Amid housing crisis, California cities seek to target vacant homes with taxes
Down the coast, Santa Cruz — where the median rent has skyrocketed to $4,000 a month — also agreed to a similar measure introduced in November.
Housing Department staffer Elizabeth Smith said the voter-led initiative proposes to tax landlords whose properties are occupied less than 120 days a year, for $3,000 to $6,000. City staff said if approved, the launch would cost $607,000, but is expected to cost $420,000 and generate up to $4 million a year.
Cyndi Dawson, campaign manager for Yes on Empty Homes, said her team believes imposing a tax on empty homes is essential to create a revenue stream for building subsidized homes.
“The community looks around and sees friends, families and co-workers pushed out by skyrocketing housing costs,” Dawson said. “If a landlord chooses to keep their unit vacant, it creates an avenue for that landlord to support this community they want to be a part of and fulfill need number one.”
While Dawson acknowledged an opposition campaign directed against the empty homes measure, called Santa Cruz Together, she said the campaign hired a tax attorney to confirm the proposed ordinance aligns with local best practices for ensure this is the “lowest load” option for owners.
Lynn Renshaw of Santa Cruz Together said her group believes the measure is “poorly written” and would expose landlords to being charged with multiple offenses because they don’t understand how to comply.
In Los Angeles, officials have struggled to ask voters the question for years, after a 2020 report showed about 85,000 to 100,000 units may be empty citywide. A new report from the ACCE Institute says the city has more than 46,000 hung units in vacant non-market housing or “more than one for every person without housing”.
While the neighboring West Hollywood City Council pushed back discussion of the same policy until next spring, last April the Los Angeles City Council asked staff to draft options for a future ballot measure. A city spokesperson said the city is still working on a draft ordinance and would not comment on a timeline for approval.
There is debate over whether this strategy will help open up housing for homeless residents, pushing landlords away from holding vacant homes. Dawson said the annual count of homeless residents shows a “huge spike” in Santa Cruz residents who have lost their longtime homes. She hopes to motivate landlords to rent their homes because they are legally obliged to accept people with housing choice vouchers (Article 8).
“It’s government guaranteed income, and the people who hold these vouchers are great tenants,” she said.
Ryan Finnigan, senior research associate at UC Berkeley’s Turner Center, said while the concept is relatively new, he doesn’t think taxing empty units will necessarily directly solve homelessness. He said that even if approved, there are not many units the tax would apply to.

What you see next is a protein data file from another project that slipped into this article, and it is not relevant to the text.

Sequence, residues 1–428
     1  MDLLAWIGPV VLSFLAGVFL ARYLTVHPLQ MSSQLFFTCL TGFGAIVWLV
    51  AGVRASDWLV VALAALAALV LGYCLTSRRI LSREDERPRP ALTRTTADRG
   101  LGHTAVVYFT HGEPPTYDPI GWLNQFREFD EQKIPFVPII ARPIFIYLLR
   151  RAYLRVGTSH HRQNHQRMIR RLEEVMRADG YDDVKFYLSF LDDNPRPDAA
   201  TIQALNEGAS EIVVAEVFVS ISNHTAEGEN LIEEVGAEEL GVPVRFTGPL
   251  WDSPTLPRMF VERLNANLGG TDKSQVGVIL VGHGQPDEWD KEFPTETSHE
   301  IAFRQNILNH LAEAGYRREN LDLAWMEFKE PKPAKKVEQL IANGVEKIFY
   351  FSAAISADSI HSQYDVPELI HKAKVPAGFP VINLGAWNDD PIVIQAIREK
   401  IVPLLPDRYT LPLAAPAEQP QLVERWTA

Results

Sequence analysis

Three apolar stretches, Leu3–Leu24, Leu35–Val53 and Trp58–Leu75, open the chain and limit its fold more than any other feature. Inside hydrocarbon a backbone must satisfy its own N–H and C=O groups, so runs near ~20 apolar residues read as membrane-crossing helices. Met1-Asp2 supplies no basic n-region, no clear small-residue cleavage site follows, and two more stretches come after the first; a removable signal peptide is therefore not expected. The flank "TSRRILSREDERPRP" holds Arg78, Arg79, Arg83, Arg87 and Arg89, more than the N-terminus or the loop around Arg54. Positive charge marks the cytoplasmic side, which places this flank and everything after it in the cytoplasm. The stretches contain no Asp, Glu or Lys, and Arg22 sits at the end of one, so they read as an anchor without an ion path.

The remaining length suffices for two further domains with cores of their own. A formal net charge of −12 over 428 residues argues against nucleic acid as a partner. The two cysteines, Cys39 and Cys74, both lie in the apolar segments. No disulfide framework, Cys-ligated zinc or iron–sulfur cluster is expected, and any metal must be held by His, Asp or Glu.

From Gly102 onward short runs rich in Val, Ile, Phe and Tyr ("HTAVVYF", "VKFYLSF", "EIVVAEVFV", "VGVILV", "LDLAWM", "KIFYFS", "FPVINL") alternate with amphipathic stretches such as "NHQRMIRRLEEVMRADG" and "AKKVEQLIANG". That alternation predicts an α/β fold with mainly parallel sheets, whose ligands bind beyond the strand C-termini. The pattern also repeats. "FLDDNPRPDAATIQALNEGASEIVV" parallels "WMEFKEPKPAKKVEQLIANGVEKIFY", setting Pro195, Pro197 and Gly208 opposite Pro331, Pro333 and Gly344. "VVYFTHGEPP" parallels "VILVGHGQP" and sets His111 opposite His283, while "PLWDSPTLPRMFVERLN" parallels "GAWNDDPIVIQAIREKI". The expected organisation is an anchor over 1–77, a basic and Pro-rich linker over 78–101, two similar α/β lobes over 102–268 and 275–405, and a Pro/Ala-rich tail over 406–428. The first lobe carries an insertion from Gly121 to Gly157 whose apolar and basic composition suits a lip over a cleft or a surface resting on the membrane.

“I don’t think it will move the needle in a deep way, it might not be a huge contributor to ending homelessness,” Finnigan said. But he called the concept reasonable: “Especially if we not only view housing as a profitable good, but when we view the value of housing as both of importance and relevance to the public.”
Sharon Cornu, executive director of the homeless services organization for seniors St. Mary’s in Oakland, said she believes such measures speak directly to homelessness. She supported Oakland’s passage of a 2018 empty-home tax measure, Measure W, from Vice Mayor Rebecca Kaplan. This tax of $3,000 to $6,000 depending on the type of property raised over $7 million in the first year. Oakland has the lowest median rent, $2,595, compared to market reports from other cities considering this strategy.
Cornu said St. Mary’s helped elderly clients who were housed on a stable basis until a new landlord bought their property, raised rents and evicted people. She said many properties often remain empty after such evictions.
“We believe the exemptions for affordable housing and ongoing development are important to encourage appropriate infill development,” Cornu said. “National real estate companies that buy affordable single-family homes, duplexes and private apartments have also put barriers between those in need and housing.
“These vacant homes could help get people off the streets and are a critical resource,” she said.
Association of Realtors chapters in Santa Cruz, San Francisco and North Bay did not respond to requests for comment before press time.
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